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Budget likely to target end-use-based and product-specific tax exemptions
January, 25th 2007

Recently, the Prime Minister had stated that tax related exemptions need to be removed. The question is how the coming Budget will tackle the sensitive issue. S Madhavan addresses the matter from an indirect tax standpoint

It has long been the stated intent of the government to increase the tax to GDP ratio. Historically, the tax GDP ratio in India, as regards federal taxes, has been below the double-digit mark and as recently as in 2005, the finance minister had articulated the need to significantly increase this ratio.

The only meaningful way this can be achieved is to increase the revenues from indirect taxes. The job cannot be done by merely addressing direct taxes. Historically again, indirect taxes have contributed majorly to Central government revenues and this fact is unlikely to change any time soon.

Now, if the quantum of federal indirect tax revenues is to significantly grow, in order for the objective of the increased tax to GDP ratio to be achieved, the only feasible way in which this can be done is to broadbase the coverage of indirect taxes, by eliminating exemptions, and to consequently also moderate the tax rates, in order to achieve the twin objectives of a growth in fiscal revenues as also in economic and business output and efficiencies.

Therefore, the economic rationale for removal of exemptions has long been accepted. Indeed, the worldwide experience is to broaden the tax base through large scale removal of exemptions and limiting exemptions to a small and moderate number, to be supported by cogent socio economic arguments.

Given this policy imperative, the coming Budget would clearly undertake significant initiatives on removals of exemptions. The reason why this is expected this year is that such hard decisions can typically be taken only some years away from the general elections, which are due in 2009, and hence 2007 is indeed the right time, from this standpoint.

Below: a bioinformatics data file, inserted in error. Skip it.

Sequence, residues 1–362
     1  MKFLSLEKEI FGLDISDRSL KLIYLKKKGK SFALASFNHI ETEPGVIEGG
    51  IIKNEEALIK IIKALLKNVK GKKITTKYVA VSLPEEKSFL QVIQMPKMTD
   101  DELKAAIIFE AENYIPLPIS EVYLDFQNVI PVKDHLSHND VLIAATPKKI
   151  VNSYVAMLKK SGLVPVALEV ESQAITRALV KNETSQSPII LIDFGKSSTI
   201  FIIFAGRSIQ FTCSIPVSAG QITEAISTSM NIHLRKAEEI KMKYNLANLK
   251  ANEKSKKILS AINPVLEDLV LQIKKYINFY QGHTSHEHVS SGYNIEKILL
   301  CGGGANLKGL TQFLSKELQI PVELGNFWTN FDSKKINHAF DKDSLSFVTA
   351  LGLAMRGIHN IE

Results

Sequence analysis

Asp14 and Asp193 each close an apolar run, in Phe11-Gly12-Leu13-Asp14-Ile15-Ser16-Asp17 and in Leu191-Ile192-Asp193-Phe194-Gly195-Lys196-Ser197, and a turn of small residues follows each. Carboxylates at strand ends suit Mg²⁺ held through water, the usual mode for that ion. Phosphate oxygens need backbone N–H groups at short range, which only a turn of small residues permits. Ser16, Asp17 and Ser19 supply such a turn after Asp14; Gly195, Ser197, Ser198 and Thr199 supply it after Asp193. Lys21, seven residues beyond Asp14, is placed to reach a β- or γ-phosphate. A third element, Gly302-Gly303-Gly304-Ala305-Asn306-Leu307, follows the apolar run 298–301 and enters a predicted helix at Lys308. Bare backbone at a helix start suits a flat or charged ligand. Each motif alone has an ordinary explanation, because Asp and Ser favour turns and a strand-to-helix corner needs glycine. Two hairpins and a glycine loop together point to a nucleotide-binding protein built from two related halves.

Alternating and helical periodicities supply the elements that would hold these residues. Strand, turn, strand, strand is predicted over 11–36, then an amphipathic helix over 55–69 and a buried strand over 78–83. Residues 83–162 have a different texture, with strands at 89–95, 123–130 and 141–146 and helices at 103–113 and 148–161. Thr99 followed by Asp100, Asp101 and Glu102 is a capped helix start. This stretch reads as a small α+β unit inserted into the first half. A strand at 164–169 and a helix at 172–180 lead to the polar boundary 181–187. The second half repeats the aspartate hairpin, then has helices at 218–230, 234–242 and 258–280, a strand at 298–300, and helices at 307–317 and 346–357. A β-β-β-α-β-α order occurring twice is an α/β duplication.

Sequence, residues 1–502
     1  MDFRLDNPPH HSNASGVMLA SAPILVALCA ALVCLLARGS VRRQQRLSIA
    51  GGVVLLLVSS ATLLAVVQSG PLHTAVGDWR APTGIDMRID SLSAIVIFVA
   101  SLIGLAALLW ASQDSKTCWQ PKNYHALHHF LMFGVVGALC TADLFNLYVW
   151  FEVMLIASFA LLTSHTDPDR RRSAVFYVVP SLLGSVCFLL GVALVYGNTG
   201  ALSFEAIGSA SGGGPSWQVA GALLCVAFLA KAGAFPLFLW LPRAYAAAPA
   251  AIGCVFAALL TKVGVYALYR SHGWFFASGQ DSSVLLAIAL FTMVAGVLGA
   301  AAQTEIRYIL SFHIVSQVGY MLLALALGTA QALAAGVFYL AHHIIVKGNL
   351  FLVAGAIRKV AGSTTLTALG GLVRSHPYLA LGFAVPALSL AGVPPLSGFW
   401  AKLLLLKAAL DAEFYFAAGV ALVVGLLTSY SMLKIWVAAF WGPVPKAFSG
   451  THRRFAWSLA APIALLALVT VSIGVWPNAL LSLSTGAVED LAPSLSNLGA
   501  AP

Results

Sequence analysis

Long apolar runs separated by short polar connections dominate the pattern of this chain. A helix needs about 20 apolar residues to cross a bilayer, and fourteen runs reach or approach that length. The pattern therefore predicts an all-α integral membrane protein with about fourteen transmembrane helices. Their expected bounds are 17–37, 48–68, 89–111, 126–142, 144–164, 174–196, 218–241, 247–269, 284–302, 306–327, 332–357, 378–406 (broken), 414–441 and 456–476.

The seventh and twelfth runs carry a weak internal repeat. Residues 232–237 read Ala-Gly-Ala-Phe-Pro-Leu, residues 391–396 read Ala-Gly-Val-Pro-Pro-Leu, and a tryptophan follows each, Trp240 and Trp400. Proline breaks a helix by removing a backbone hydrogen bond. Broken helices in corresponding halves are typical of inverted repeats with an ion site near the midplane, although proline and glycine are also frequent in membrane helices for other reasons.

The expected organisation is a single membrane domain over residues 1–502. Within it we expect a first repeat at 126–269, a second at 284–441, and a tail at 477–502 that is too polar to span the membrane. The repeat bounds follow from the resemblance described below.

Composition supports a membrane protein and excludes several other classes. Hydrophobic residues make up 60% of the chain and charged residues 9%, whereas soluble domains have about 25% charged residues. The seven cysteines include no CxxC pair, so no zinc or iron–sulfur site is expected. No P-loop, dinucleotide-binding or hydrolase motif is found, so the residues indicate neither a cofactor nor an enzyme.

On Customs, the present fairly long list of end use-based exemptions is expected to be significantly pruned. However, India has also progressively and consistently reduced duty rates and this ongoing exercise, which was manifest in the duty cuts effected on January 22, will result in the emergence of a moderate Customs duty regime, similar to the ASEAN model.

It is, of course, also true that not all exemptions will be discontinued and there will always continue to be a limited set of goods which will be eligible for an exemption from Customs duties. These products will typically relate to our international commitments, such as on IT products, or those which are required to provide medical care and possibly those goods which are not manufactured indigenously or are predominately imported for every day mass consumption.

On the excise front, the discussion on exemptions is focussed around product-related and area-related exemptions. The point relating to Customs duty exemptions is equally relevant for product related excise exemptions and there is a similar expectation that the list of product related exemptions will be significantly reduced in the Budget.

However, the more important point is that area-related exemptions, such as those applicable to J&K, HP, Uttaranchal and the North East States, will most likely remain untouched in this years Budget since it was only very recently that these exemptions, which were originally scheduled to be in force up to March 31 2007, were extended by another three years.

Indeed, a majority of the investments in various product categories of general consumption, such as FMCG, are precisely in these excise-free zones. So, it is likely that Budget tackle product-related exemptions in Customs and excise, while it will leave untouched the very significant area-based exemptions from excise.

If India has to keep its tryst with the goods and services tax by 2010, as has been mooted by the finance minister last year, it is imperative that exemptions of any kind are significantly eliminated so that all economic activity in the country, whether it be the supply of goods or the provision of services, is charged to a moderate indirect tax. It is expected that Budget 2007 will significantly advance this progression to the GST.

The author is leader-indirect tax practice, PwC

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